House Majority Leader Eric Cantor (R-Va.), with other Republican lawmakers,… (Chip Somodevilla / Getty…)
The partisan debate over how to reform the nation's immigration system has been stalled in Congress for the better part of a decade. Republicans shoulder much of the blame for the most recent round of legislative gridlock. They have embraced an enforcement-only approach that ignores the fact that 11 million immigrants are already living in the country illegally and won't "self-deport" (as Mitt Romney so memorably suggested), that some sectors of the economy such as agriculture rely almost entirely on illegal workers, and that an anachronistic visa process is making it harder for the United States to remain competitive in a global economy.
Thankfully, that may soon change. A growing chorus of influential Republican voices, including evangelical leaders and, most recently, former President George W. Bush, are calling for swift action on immigration reform. In the wake of November's election, in which Latino voters cast their ballots overwhelmingly for President Obama, GOP leaders in Congress have signaled their willingness to negotiate. That's welcome news, but finding a comprehensive fix for the deeply troubled system won't be easy.
Last week, for example, the Republican-controlled House passed what's known as the STEM visa bill, which would provide up to 55,000 green cards a year to foreign students graduating from U.S. colleges and universities with masters and doctoral degrees in science, technology, engineering and mathematics. And in the Senate, GOP leaders who once blocked the Dream Act of 2010 introduced a measure they called the Achieve Act that would give legal status to thousands of young undocumented immigrants who were brought to the United States as children.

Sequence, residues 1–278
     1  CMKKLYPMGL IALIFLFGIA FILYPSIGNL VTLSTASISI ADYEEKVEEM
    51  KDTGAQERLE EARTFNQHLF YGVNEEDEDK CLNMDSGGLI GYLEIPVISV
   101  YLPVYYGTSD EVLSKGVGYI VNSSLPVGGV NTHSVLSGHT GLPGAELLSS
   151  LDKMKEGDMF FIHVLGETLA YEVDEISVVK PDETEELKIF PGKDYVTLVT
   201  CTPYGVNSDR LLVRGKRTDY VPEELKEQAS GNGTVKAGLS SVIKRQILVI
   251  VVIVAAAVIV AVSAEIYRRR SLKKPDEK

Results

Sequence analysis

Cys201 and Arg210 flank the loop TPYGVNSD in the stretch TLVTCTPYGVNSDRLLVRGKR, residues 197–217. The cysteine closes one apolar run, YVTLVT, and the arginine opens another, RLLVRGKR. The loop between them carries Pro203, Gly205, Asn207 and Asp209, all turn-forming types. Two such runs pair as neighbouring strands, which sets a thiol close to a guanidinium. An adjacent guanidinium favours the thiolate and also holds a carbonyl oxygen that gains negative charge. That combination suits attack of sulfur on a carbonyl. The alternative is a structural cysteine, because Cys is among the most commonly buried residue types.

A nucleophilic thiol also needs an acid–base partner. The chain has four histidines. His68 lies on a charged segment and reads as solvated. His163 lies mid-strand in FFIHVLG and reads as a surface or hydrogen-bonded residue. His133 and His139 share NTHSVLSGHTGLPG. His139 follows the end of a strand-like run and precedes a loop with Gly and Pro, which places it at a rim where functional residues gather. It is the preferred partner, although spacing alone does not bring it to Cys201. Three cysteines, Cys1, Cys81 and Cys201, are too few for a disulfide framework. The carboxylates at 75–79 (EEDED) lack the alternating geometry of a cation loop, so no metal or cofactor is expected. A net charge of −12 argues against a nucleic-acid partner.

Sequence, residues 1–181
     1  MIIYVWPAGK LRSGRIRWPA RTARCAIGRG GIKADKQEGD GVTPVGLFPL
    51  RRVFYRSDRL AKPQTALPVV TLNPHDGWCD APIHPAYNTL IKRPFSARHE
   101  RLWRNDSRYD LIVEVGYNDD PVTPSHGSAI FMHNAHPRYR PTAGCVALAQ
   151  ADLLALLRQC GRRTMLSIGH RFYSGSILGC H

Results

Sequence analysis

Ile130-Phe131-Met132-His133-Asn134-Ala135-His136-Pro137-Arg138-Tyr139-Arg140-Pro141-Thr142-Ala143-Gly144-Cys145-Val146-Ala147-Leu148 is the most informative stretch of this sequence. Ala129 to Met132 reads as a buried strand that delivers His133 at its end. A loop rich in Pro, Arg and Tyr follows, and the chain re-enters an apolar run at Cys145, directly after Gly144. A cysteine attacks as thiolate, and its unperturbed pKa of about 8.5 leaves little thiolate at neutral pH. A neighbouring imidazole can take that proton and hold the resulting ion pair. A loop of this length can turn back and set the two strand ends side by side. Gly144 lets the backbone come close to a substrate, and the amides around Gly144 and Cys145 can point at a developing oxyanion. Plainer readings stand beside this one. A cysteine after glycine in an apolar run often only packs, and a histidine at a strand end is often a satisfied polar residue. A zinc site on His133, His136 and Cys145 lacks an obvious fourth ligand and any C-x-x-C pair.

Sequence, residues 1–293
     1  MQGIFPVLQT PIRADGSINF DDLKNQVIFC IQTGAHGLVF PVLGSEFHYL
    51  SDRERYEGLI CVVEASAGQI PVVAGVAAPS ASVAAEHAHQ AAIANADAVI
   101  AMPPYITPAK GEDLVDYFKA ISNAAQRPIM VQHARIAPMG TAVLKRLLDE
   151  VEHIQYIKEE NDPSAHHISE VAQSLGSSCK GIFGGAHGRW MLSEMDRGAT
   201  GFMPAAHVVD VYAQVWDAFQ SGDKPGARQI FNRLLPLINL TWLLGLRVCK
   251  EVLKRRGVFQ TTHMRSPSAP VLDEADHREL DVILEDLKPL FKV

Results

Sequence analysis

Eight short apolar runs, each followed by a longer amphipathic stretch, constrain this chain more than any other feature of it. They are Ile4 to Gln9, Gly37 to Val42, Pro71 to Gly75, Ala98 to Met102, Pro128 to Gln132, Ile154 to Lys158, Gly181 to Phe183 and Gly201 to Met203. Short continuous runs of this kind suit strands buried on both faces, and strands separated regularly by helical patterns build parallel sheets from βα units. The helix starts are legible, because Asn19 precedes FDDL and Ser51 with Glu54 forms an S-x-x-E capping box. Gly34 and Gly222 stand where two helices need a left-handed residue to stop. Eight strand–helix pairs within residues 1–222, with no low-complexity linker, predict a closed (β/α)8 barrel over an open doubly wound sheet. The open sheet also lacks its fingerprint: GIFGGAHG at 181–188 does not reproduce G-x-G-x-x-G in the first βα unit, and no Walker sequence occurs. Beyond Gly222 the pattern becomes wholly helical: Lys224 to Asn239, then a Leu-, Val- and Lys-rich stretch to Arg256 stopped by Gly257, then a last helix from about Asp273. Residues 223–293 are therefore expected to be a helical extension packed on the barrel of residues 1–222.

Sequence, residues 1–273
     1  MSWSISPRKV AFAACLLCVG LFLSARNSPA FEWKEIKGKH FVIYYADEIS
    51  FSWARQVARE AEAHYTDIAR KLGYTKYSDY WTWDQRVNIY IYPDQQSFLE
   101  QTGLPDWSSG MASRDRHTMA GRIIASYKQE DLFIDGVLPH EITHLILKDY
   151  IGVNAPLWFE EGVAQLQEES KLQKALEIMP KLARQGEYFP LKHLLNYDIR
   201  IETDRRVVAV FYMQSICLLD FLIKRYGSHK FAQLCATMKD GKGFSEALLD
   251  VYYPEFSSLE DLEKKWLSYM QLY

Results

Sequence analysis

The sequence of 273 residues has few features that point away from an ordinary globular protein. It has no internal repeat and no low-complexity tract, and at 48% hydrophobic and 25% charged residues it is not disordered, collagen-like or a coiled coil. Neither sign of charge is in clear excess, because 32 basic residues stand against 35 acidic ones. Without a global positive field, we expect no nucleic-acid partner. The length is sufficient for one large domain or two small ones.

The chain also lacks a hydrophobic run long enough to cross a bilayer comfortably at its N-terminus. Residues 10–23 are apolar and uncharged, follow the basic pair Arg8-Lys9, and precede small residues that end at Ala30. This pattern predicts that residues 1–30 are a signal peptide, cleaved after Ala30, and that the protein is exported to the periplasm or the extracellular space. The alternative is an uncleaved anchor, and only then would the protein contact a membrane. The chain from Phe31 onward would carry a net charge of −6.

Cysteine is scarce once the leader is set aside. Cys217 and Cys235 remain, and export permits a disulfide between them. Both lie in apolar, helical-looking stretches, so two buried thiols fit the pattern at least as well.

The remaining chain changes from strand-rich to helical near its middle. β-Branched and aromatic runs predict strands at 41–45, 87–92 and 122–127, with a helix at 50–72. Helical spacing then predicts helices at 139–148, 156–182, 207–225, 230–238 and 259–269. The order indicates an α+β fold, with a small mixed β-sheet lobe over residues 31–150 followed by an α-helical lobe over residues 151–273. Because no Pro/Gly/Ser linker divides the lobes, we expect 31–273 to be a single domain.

The two measures are not perfect by any means. The STEM bill was blocked this week from moving forward in the Senate, where Democrats objected that although it would offer much-needed green cards to highly sought-after engineers and scientists, it would do so by eliminating another visa program that benefits less-educated people. Democrats are holding out for a bill that does not take a zero-sum-game approach to visas. And the Achieve Act is just a lite version of the Dream Act. It would offer legal status to fewer young people than the Dream Act and, even for those who did qualify, no path to citizenship.
Nevertheless, even if the proposals aren't perfect and even if they don't move forward, they indicate that Republicans are slowly recognizing that something must be done, and that more is needed than merely tighter border controls and harsher treatment of illegal immigrants. That may not seem like an enormous concession to some, but given that immigration has been on the back burner for years, it's an important shift. That's why the Obama administration and Democrats must be prepared to do their part too, and do it quickly, while Republicans are still assessing their losses.
The president must be far more involved than he was during his first term, when he offered flowery rhetoric and little else. He should present a road map for reform that not only calls for enforcing immigration laws at the border and in the workplace, but also provides a realistic plan for dealing with those undocumented immigrants who are already in the country.
Obama should also push for a guest-worker program that ensures growers a reliable source of workers while protecting the rights of those foreign farm laborers. And he should back Republican efforts to modernize the visa system to ensure that foreign graduate students aren't forced to leave the country as soon as they're handed a diploma.
Obama has said he can't repair the nation's immigration system alone. It now seems Republicans may offer a much-needed hand.